Since at least February, Equifax was aware that online attackers had been abusing its payroll service by entering stolen information – including Social Security numbers – and downloading W-2 and other tax forms for employees from multiple firms. These forms were allegedly then used to file fraudulent tax returns in employees’ names (see Equifax Disputes Report of Undisclosed Breach From March).
Equifax hired FireEye’s Mandiant incident response group in March to investigate the attacks as part of what Smith designated as “a top-secret project,” one unidentified source told Bloomberg. But Equifax’s relationship with Mandiant allegedly soured, with Equifax suggesting that the team deployed by Mandiant was undertrained.
Equifax could not be immediately reached for comment on that report, which suggests that the breakdown between the company and Mandiant may have allowed the Apache Struts attackers to roam unchecked for a longer period of time.
But Mandiant was brought in again after Equifax discovered signs that it had been hacked in March, in what may or may not have been a separate attack. In a report issued last month to Equifax’s customers – including banks – Mandiant reportedly said that attackers had installed 30 web shells across various Equifax systems, giving them persistent access. Investigators reportedly said they were able to identify who hacked Equifax.
FireEye declined to comment.
Poor Victim Support
As part of its breach notification, Equifax created a website – www.equifaxsecurity2017.com – designed to give consumers breach-related information. But it has been dogged by technical problems.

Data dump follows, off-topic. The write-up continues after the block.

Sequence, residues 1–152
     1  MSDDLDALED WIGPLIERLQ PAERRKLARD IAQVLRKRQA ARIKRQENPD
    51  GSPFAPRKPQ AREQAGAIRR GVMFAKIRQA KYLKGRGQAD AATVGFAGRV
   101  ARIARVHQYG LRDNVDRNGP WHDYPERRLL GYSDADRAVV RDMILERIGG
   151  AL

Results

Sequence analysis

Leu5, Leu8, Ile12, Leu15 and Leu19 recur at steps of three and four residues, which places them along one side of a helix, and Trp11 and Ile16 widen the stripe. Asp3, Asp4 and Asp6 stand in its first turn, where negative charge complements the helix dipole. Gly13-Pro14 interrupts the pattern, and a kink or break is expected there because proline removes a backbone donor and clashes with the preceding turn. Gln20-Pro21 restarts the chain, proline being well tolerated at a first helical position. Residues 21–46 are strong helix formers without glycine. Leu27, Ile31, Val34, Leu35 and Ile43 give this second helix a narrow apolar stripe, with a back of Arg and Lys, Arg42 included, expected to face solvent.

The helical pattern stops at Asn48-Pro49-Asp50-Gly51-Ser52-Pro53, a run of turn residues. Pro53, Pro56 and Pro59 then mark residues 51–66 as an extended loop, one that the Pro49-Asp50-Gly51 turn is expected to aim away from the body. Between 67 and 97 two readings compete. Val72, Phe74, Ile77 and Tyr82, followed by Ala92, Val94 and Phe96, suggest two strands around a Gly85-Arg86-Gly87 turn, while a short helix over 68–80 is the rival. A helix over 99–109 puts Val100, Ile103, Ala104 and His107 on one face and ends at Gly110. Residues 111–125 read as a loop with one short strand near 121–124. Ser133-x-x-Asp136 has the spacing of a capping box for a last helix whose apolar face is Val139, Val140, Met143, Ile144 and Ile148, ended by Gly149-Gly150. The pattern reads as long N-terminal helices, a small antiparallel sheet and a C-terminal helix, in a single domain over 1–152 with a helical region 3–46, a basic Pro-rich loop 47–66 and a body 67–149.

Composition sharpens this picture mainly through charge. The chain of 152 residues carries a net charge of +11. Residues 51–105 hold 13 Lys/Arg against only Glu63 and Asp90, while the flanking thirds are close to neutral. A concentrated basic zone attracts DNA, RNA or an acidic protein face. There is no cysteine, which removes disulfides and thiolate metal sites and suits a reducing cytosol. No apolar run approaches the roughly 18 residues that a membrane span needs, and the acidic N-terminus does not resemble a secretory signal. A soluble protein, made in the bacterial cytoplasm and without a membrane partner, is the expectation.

The company’s own customer support team has also been inadvertently directing potential breach victims to a lookalike site, securityequifax2017.com, created by a security researcher to highlight the risks faced by consumers when attempting to differentiate Equifax’s official breach notification site from potentially bogus ones.
Following the breach, Equifax faced widespread criticism for apparently requiring anyone who signed up for the identity theft monitoring service it was monitoring – prepaid for the first year – to waive their right to participate in any lawsuits against Equifax.
Equifax quickly adjusted those terms of service. But it – and other credit-reporting agencies – have faced criticism from consumer-rights groups, and Democratic legislators, for charging breach victims a fee to freeze their credit files. Identity theft experts say that credit freezes remain the best way for breach victims to protect themselves.
Equifax says that by Jan. 31, 2018, it plans to offer consumers the ability to permanently restrict access to their personal credit data. “The service the company is developing will let consumers lock and unlock access to their Equifax credit files, at will, without charge and for life,” the company said in a Thursday 8-K filing to the SEC.
Late last month, student loan refinancing website LendEDU says it surveyed 1,000 American consumers over the age of 17 about the Equifax breach and found that while 84 percent of respondents had heard of it. But it found that only 45 percent had visited Equifax’s breach-notification site to see if they were a victims. That’s despite the breach having resulted in the exposure of data relating to a majority of American adults.